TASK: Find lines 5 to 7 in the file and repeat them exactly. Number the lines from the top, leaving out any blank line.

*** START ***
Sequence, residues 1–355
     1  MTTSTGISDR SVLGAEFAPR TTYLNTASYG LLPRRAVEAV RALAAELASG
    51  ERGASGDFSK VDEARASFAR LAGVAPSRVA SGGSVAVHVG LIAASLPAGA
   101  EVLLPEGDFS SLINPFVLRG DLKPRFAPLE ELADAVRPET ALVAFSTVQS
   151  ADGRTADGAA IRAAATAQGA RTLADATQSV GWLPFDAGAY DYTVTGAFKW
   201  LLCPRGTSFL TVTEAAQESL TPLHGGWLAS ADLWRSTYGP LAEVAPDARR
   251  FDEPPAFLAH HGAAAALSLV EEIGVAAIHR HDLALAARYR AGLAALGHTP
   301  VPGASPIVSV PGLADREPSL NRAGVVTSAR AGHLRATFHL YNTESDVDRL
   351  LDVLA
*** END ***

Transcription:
   151  ADGRTADGAA IRAAATAQGA RTLADATQSV GWLPFDAGAY DYTVTGAFKW
   201  LLCPRGTSFL TVTEAAQESL TPLHGGWLAS ADLWRSTYGP LAEVAPDARR
   251  FDEPPAFLAH HGAAAALSLV EEIGVAAIHR HDLALAARYR AGLAALGHTP